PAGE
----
While writers such as Wright and Kinnell have tried to register the movements of the subconscious, others have dramatized the personal in more discursive, conscious forms. These include poets like Richard Hugo (1923-1982), Karl Shapiro, and Louis Simpson, who explore the self's discovery of the outer world and its reaction to it and, rather more significant, those like John Logan (1923-1987), Adrienne Rich (1929-), Anne Sexton (1923-1974), and W. D. Snodgrass (1926-2009), who incorporate elements of their personal histories in their poems.

In the poetry of Richard Hugo, collected in 1984, the personal dimension is founded on the relationship between the private self of the poet and the bleak, lonesome world he describes. The setting he favours is the Far West: not the Far West of legend, however, but a far more inhospitable, emptier place. Looking at one decaying township in Montana, he asks himself, "Isn't this your life?"; and his own poetic voice, somber and laconic, seems to answer him in the affirmative. Yet he can also learn from his surroundings; their strength of spirit, "rage" and endurance, have stamped their mark on him. "To live good, keep your life and the scene," he concludes in "Montgomery Hollow" "/ Cow, brook, hay: these are the names of coins": the currency of the West has, in fact, saved him from moral bankruptcy, helped him pay his duess to himself and the world. Hugo's poetic stance has hardly shifted over the years. 

By contrast, Shapiro and Simpson began (as we have seen) as poets of public event, and only gradually changed their interests and allegiances. As the personal element in their poetry grew, so its shape and tone altered too. "Sabotage the stylistic approach," Shapiro commanded in "Lower the standard: that's my motto," "Get off the Culture Wagon. Learn how to walk the way you wan." Attacking "the un-American-activity of the sonnet," writing pieces with titles like "Anti-Poem," he adopted a long, flowing line somewhere between free verse and prose poetry. With this, he has explored himself and his surroundings (in volumes like Poems of a Jew (1958) with sometimes embarrassing frankness: "When I say the Hail Mary I get an erection," he admits in "Priests and Freudians will understand," adding wryly, "Doesn't that prove the existence of God?"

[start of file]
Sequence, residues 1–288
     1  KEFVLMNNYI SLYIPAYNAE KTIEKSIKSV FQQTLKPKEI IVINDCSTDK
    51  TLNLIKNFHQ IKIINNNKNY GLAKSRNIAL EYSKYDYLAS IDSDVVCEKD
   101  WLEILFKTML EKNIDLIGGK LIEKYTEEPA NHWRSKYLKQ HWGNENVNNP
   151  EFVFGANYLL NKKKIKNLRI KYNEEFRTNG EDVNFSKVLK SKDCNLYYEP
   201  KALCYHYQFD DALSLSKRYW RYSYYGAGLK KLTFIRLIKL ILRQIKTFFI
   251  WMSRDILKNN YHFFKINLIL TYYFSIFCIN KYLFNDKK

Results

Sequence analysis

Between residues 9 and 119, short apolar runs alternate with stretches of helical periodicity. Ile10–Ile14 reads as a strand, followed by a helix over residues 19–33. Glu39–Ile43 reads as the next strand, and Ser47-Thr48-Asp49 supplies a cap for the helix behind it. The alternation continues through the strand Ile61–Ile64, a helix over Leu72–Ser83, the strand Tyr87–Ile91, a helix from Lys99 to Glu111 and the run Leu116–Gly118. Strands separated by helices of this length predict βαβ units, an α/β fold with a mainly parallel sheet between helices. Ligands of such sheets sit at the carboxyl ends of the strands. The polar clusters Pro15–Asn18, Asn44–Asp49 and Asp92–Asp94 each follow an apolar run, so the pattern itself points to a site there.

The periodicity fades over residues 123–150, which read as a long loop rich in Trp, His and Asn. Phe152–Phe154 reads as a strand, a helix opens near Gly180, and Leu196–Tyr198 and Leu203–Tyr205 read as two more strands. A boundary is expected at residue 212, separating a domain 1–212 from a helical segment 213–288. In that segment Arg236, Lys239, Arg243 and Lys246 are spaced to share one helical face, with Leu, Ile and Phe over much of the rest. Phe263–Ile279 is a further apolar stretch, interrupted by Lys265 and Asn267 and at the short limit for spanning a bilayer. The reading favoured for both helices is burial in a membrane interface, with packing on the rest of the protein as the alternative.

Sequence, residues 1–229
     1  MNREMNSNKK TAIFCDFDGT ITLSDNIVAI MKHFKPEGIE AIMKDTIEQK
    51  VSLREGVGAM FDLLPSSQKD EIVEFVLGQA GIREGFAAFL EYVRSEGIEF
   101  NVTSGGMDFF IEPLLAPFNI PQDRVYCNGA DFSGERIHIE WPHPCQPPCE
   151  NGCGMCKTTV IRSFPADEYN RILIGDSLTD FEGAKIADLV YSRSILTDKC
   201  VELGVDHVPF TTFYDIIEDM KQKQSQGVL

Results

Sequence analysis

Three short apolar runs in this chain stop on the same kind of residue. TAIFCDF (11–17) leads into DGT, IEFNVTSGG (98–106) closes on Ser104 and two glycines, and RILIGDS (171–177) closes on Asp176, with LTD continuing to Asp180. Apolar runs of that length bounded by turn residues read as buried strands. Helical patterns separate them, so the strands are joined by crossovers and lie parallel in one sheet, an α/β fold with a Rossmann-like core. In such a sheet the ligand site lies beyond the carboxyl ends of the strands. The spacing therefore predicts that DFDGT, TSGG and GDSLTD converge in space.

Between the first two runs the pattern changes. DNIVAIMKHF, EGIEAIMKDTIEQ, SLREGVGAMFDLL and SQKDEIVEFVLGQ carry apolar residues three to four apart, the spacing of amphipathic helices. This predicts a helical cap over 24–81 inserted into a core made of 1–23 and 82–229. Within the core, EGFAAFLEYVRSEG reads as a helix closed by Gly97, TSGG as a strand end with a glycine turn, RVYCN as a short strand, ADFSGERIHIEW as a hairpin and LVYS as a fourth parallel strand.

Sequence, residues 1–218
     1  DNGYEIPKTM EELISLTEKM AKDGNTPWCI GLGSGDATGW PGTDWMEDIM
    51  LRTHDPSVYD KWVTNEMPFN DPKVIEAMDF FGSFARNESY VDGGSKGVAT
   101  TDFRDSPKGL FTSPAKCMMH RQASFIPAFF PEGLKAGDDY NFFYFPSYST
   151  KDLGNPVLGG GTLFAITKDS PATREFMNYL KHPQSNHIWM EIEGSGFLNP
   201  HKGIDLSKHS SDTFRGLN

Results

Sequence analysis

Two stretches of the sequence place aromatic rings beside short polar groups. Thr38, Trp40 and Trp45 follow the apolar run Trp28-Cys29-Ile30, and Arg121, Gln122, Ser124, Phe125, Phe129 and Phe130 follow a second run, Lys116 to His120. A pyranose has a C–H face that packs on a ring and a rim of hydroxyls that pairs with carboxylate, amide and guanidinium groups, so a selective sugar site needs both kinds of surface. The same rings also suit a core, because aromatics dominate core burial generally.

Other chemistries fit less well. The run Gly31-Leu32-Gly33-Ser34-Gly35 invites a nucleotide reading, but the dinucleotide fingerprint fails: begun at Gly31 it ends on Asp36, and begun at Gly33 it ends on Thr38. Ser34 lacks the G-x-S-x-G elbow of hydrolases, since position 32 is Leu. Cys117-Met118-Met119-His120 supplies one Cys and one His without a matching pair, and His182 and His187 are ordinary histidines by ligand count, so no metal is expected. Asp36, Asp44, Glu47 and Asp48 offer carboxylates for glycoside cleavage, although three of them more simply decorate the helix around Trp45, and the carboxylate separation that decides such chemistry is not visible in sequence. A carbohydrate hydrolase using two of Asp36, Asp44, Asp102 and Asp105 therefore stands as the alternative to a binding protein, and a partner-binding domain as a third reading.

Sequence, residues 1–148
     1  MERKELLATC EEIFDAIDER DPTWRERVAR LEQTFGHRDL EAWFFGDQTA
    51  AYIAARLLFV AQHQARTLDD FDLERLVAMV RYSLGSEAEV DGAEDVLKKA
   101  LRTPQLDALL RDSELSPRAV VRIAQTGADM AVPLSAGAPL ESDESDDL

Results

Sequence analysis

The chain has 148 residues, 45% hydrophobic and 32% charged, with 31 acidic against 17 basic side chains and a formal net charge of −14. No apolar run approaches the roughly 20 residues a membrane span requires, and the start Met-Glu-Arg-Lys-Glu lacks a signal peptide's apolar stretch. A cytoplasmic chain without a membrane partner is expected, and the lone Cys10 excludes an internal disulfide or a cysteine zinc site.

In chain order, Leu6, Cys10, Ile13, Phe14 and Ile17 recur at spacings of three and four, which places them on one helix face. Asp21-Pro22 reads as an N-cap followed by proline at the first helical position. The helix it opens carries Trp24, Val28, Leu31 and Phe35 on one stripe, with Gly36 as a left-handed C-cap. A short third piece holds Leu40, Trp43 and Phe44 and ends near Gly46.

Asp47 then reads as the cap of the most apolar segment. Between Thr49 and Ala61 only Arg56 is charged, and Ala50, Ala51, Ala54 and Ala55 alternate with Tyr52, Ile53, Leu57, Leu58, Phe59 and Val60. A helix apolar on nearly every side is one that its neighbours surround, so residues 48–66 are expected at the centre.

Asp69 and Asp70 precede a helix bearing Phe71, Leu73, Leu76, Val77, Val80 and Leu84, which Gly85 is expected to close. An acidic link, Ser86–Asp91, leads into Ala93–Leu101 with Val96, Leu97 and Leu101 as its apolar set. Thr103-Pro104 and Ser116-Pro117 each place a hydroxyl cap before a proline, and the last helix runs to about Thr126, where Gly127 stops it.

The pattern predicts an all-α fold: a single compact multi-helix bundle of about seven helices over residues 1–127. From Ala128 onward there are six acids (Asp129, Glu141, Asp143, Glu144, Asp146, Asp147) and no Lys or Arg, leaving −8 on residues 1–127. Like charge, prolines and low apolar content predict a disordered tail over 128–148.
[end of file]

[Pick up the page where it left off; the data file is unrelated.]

The alteration in Simpson's work (as a collection like At the End of the Open Road: Poems (1963) indicates) has been less radical: his verse, while becoming freer, has retained an iambic base. But he, too wants to know what it is like to be him at this moment in history, "an Amrican nurse / installed amid the kitchen ware." Like Whitman, he is concerned wit hthe representative status of his self, his Americanness; unlike Whitman, his landscapes are often suburban. "Whare are you Walt?" Simpson asks in "Walt Whitman at Bear Mountain," observing sardonically, "/ The Open Road goes to the used-car lot": that observation measures the distance, as well and the kinship, between it author and the person addressed, the first, finest poet of national identity.